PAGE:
Saturday, January 29, 2011

Alignment in C&S

As I plow my way through the first edition of Chivalry & Sorcery, I find myself simultaneously fascinated and horrified by what I read -- fascinated because there are some truly excellent expansions/developments of D&D-derived concepts in the rulebook and horrified because very often the authors take these expansions/developments a couple of steps too far for my tastes. Anyway, one D&D-derived concept they retain is alignment, which, like OD&D, comes in three varieties: Lawful, Neutral, and Chaotic. Interestingly, C&S explicitly equates Law with good and Chaos with evil, something wasn't done in D&D until the 1981 Moldvay rules so far as I know. The rulebook explains alignment in this fashion:
Alignment should not be regarded as meaning that Lawful and Chaotic characters must immediately attack each other, or even that they have a "right" to do it. It is in fact possible for characters of opposite Alignment to develop deep respect for each other, and friendship is not impossible. Even the most Chaotic of characters will have his code of honour. Alignment is merely a guide to players so that they can build their character's personality in an orderly manner.
There's lots to comment upon here, but what I immediately notice is that the first sentence is phrased negatively: "Alignment should not be regarded ..." That right there is why I have not yet abandoned my initial impression that C&S is parasitic upon Dungeons & Dragons and the culture surrounding it. C&S is implicitly setting itself up in opposition to the way things are done in D&D, or at least the way many players of D&D did things at the time (circa 1977). I won't go so far as to say C&S is unintelligible without first understanding D&D, but I do think it makes more sense within that context.

Given that Lawful characters are noted as "serving the forces of Good" and Chaotic characters are said to "opt for dishonesty, evil, and treachery," I'm not really sure on what basis the authors can claim Lawful and Chaotic characters might develop deep respect for and even friendship with one another. That seems implausible to me, but perhaps I am placing too much emphasis on the thumbnail descriptions of each alignment. As it turns out, C&S has 15 alignments, grouped into the three broad categories of Lawful, Neutral, and Chaotic.
  • Lawful: Saintly, Devout, Good, Virtuous, Worthy, Trustworthy, Honourable.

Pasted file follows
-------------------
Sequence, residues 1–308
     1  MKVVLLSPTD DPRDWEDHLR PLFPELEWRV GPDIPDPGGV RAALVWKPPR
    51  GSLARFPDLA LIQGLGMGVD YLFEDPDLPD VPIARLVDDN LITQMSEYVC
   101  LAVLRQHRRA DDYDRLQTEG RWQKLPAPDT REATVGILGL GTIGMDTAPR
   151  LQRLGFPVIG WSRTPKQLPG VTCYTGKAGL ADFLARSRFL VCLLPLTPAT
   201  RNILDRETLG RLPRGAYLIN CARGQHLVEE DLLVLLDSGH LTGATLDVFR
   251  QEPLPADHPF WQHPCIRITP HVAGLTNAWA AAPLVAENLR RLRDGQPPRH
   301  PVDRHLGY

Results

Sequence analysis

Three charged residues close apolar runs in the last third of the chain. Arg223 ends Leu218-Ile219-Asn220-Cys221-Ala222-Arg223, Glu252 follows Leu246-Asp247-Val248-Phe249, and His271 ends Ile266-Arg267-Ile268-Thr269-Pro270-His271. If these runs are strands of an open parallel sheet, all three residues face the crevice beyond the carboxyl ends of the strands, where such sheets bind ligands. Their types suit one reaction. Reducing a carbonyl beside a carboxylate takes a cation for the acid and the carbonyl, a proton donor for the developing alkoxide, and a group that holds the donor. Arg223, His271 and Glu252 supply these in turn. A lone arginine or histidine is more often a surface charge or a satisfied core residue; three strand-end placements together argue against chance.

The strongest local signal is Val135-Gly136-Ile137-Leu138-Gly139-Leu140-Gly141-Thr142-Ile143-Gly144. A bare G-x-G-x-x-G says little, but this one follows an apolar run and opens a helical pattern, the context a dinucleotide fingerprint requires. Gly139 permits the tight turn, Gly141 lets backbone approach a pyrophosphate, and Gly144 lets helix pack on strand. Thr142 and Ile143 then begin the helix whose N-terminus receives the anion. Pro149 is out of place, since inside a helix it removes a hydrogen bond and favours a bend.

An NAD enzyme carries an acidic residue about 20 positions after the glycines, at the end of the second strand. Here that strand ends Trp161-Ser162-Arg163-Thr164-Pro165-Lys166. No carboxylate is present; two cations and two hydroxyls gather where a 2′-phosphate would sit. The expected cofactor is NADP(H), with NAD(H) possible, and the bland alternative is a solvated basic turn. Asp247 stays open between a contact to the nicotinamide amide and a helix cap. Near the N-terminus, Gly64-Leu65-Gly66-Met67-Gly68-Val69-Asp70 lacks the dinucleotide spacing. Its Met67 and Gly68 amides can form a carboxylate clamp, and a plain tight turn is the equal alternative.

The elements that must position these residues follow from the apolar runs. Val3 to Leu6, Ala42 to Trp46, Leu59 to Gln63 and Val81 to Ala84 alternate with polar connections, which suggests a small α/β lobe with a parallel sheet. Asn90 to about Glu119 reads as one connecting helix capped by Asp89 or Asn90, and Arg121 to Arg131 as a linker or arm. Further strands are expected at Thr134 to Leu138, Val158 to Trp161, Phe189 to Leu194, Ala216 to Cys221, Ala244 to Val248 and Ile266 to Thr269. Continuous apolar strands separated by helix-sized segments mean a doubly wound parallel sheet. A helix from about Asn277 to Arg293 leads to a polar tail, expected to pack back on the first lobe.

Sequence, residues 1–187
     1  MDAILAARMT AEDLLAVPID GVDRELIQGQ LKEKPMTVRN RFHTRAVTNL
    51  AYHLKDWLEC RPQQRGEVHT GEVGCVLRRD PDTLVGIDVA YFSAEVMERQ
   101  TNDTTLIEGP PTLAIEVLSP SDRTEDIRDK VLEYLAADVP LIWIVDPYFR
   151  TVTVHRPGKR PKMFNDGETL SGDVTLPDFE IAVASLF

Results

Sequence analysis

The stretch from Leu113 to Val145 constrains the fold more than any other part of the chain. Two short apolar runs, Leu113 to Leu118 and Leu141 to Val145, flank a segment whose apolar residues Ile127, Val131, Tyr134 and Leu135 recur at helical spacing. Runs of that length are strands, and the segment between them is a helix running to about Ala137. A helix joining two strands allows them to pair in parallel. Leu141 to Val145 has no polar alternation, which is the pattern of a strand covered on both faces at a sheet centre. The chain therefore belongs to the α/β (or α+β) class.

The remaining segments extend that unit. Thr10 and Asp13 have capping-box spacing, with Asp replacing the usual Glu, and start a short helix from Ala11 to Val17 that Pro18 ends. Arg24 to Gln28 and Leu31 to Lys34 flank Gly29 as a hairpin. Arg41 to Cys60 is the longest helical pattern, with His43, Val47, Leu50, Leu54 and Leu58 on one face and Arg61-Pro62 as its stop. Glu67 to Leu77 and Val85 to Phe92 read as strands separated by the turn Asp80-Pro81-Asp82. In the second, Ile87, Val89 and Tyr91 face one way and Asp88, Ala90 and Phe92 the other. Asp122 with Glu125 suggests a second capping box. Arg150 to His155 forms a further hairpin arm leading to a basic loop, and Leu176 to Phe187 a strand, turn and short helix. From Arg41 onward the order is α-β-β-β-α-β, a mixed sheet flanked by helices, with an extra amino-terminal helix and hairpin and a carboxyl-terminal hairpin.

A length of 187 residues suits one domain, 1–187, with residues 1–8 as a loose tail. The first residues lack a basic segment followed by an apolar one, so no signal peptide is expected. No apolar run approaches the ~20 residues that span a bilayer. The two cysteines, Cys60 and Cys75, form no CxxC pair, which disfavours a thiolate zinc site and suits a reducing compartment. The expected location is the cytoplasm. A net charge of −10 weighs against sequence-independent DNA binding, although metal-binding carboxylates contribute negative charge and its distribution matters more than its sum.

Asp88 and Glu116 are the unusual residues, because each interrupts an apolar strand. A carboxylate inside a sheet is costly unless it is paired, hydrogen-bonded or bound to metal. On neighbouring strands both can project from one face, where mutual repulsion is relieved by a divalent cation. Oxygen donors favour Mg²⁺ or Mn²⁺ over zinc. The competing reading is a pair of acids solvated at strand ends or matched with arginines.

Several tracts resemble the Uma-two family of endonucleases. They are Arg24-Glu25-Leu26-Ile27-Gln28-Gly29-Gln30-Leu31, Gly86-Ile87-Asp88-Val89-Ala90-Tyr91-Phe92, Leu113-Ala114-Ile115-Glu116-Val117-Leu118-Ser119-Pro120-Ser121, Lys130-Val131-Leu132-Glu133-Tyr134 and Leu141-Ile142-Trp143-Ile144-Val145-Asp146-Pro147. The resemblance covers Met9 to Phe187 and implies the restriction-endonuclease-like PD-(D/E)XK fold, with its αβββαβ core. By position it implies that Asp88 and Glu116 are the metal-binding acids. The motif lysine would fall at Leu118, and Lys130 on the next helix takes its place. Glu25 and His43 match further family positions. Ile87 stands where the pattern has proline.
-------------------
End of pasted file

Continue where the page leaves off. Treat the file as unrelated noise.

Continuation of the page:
• Neutral: Law Abiding, Worldly, Corruptible.
  • Chaotic: Unscrupulous, Base, Immoral, Villainous, Diabolic.
The distinctions between these various sub-alignments are often very fine, but I must confess to liking them, as they're similar in some respects to the way I handle alignment in Dwimmermount. If you read the descriptions, you'll see that an Unscrupulous Chaotic is someone who "will try to weasel out of any of his obligations or cheat his friends" while a Base Chaotic is one who "will stoop pretty low on occasion, pays lip-service to all of the conventional prattlings about good and decency, and never lets himself be blinded to a profitable deal when he sees it." As I said, these are fine distinctions but, I think, useful ones in getting a practical sense of what alignment means in C&S. Because of these distinctions, I think it possible that certain types of Lawfuls and Chaotics could probably get along with one another without too much trouble, but the earlier equation of Law with good and Chaos with evil only highlights the game's unspoken dependency on D&D for a lot of its foundational concepts.

Oh yes: alignment is determined randomly by a 1D20 roll. 8 out of 20 rolls will result in a Neutral alignment of some sort, 7 out of 20 in a Lawful one, and 5 out of 20 in a Chaotic one.

18 comments:

  1. I think the list of descriptors they attached to the three basic alignments also represents an attempt to deal with the problem of individuals having differing interpretations of just what "Lawful," etc., mean. The added adjective aids common understanding.

    What I find bizarre, though not quite "horrifying," is the idea of rolling one's alignment. I can see a reason --much like rolling stats, it can be a challenge to play what the dice give you-- but still that seems like taking an awfully personal choice out of the player's hands.